Having your own credit card or multiple credit cards does not mean you should spend more and build up credit. If you keep credit without repaying it fully, that would add up to your credit utilisation limit. Banks typically use a method called DSR (Debt Service Ratio) to calculate an individual’s credit-ability. It’s scoring to see if you could still afford to pay off your monthly debts/usage first on top of approving you to get a new home/car loan from the banks.
So if your usage is always maxed out, it shows that you don’t have good financial planning and that you tend to spend more than you can afford. It is common that bank rejects loan submissions from profiles with a high DSR because it’s risky on their position to issue the loan as a high DSR reflects larger spending behaviour. Try to avoid taking those 0% interest-free monthly repayments for products/services, as this too directly contributes to a higher DSR. It will affect your financial planning especially if you’re thinking of getting a home.
Multiple credit applications or active loan (Red Flag #3)
If you’ve been applying for credit cards or loans very recently, it’s better to give it a rest before applying for another one. Especially if the last one was rejected.
It may matter when you decide to apply, as creditors will see this as an added risk for them that will lead to default loans and will opt to stay away.
High Debt Servicing Ratio (DSR) (Red Flag #4)
This is conducted when you compare your income documents against your total outstanding credit.
Be careful when applying for more credit cards or taking up personal loans. It will add to your loan repayment every month, and banks usually will allow you to take up to 67% of credit financing from your nett paycheck (You’ll need 1/3 to yourself for monthly expenses).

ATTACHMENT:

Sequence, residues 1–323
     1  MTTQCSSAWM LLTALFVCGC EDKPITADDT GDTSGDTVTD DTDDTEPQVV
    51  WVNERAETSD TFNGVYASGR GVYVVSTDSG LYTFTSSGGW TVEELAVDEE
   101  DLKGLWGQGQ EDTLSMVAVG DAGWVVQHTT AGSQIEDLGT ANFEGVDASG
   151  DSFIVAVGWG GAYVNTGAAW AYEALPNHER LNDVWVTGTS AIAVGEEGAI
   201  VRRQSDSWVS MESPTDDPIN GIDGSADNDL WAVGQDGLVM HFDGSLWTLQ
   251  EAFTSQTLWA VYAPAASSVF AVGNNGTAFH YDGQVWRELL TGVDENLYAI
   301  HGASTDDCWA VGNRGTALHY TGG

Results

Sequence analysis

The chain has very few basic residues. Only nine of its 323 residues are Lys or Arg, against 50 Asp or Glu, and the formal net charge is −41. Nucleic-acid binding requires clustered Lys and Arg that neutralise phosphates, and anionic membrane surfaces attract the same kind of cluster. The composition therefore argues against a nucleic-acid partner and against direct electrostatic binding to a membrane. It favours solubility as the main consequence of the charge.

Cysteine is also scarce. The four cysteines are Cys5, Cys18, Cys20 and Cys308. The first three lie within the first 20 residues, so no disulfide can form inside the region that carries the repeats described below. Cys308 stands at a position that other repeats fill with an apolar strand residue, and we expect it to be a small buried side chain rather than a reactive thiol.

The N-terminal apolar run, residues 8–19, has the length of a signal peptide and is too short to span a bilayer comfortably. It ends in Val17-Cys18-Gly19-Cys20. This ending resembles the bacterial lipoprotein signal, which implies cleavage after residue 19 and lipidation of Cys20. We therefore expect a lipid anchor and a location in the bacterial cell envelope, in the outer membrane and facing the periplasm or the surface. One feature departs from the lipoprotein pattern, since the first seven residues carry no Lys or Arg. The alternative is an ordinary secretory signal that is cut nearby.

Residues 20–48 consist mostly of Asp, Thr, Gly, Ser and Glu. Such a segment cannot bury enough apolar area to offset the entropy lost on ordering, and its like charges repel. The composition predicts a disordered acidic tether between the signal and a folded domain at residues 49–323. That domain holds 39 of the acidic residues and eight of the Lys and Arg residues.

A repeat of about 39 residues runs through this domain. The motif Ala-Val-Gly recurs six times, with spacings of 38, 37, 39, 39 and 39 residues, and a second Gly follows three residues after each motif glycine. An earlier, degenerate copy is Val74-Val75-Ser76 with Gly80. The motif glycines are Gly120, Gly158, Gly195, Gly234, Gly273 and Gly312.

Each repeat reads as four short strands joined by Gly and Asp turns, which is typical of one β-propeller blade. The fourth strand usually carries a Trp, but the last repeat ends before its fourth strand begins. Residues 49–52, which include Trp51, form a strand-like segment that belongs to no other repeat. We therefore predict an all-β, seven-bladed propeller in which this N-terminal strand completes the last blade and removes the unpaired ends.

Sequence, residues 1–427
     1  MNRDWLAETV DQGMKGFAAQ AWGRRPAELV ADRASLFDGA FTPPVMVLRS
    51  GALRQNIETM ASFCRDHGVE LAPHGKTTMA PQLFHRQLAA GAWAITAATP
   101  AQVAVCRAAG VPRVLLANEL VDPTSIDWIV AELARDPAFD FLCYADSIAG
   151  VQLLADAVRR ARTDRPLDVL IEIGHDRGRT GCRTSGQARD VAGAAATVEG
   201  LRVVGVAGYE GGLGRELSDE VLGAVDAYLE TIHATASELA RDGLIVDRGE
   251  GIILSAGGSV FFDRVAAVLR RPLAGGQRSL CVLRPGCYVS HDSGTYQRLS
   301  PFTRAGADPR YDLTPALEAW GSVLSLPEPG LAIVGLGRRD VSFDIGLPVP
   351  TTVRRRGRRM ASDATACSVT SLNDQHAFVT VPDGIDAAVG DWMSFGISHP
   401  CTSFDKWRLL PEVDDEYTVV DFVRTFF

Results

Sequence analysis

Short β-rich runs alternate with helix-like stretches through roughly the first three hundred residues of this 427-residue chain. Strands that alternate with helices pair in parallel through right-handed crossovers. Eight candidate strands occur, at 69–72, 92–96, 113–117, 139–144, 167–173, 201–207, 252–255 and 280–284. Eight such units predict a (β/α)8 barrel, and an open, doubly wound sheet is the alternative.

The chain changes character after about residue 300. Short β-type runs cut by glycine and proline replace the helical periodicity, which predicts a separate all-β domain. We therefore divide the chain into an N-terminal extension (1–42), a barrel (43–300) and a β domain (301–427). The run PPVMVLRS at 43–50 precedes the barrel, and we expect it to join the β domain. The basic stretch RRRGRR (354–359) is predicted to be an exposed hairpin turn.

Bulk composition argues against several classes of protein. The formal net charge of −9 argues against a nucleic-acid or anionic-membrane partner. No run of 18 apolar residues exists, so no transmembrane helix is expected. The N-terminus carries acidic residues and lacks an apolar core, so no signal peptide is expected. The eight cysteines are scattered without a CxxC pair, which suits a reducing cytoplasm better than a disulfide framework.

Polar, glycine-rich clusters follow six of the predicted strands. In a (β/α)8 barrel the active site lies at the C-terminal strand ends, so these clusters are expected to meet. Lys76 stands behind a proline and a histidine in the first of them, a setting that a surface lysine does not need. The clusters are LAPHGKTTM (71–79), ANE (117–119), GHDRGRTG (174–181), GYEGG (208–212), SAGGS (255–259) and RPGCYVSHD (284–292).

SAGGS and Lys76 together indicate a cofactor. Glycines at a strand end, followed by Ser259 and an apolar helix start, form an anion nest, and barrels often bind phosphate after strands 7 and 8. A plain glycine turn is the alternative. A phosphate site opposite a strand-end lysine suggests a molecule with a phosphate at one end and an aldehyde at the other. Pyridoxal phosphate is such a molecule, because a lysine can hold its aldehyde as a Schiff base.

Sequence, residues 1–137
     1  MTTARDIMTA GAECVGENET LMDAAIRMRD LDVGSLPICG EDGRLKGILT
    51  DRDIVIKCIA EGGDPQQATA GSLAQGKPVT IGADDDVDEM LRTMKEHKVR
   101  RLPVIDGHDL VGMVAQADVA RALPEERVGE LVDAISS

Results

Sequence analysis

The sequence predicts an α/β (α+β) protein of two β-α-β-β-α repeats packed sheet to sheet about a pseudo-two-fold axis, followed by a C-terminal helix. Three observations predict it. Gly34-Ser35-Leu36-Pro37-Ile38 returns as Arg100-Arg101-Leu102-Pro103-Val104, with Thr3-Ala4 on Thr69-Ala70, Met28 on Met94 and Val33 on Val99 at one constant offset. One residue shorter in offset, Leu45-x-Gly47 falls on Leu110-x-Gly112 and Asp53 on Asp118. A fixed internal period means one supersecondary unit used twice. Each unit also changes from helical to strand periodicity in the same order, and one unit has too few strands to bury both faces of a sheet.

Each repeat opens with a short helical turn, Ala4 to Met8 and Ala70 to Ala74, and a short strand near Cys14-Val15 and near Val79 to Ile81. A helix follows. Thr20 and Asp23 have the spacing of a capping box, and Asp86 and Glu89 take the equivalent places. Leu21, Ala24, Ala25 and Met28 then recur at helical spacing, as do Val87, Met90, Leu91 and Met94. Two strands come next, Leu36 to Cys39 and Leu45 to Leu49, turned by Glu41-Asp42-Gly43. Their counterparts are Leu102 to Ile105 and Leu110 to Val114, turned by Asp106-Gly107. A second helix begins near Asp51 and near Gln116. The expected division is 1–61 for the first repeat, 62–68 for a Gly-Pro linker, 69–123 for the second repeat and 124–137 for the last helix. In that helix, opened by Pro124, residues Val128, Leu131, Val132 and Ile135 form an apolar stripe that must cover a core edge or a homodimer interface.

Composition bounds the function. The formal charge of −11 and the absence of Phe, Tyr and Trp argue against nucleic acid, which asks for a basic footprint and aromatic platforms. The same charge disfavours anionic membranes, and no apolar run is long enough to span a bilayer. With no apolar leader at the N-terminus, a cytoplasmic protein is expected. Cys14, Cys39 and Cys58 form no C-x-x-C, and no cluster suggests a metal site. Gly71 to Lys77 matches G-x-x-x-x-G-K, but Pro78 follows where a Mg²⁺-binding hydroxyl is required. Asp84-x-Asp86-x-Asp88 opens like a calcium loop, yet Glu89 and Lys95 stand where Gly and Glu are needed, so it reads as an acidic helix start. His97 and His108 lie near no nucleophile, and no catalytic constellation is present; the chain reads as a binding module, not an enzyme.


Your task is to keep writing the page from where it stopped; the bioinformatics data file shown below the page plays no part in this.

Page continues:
If your repayments and monthly usage are already at 55-60% of your paycheck, the 10-15% balance is not going to be enough for the bank to loan you a full loan to cover a car or a house.
Here’s a case example:
Your Monthly Income: RM8,000
Monthly Rental: RM1,000
Currently has 3 credit lines: Personal Loan (RM1,000), Credit Cards (RM2,500 monthly spend), and Car Loan (RM500)
Total monthly commitment: RM4,000
Your debt service ratio would be calculated as:
RM4,000 / RM8,000 X 100% = 50%
With an income of RM8,000 monthly and a monthly commitment of RM4,000, your debt ratio is at 50%. Though your monthly rent doesn’t affect the banks, new bank regulations will look and consider external factors and expenses, thus it may be slightly challenging to apply for a loan, even with a guarantor.
In a nutshell,
Planning your finances is the key to healthy credit history. Know how much you can bite before committing, and be aware of each loan you are about to take up as it affects your first mortgage. As a young person, knowledge of finance is vital. Always be financially savvy as this will improve your living standard in the long run. The key towards a better real estate portfolio lies within better management of cash flow.
Share this article with all the young people you know.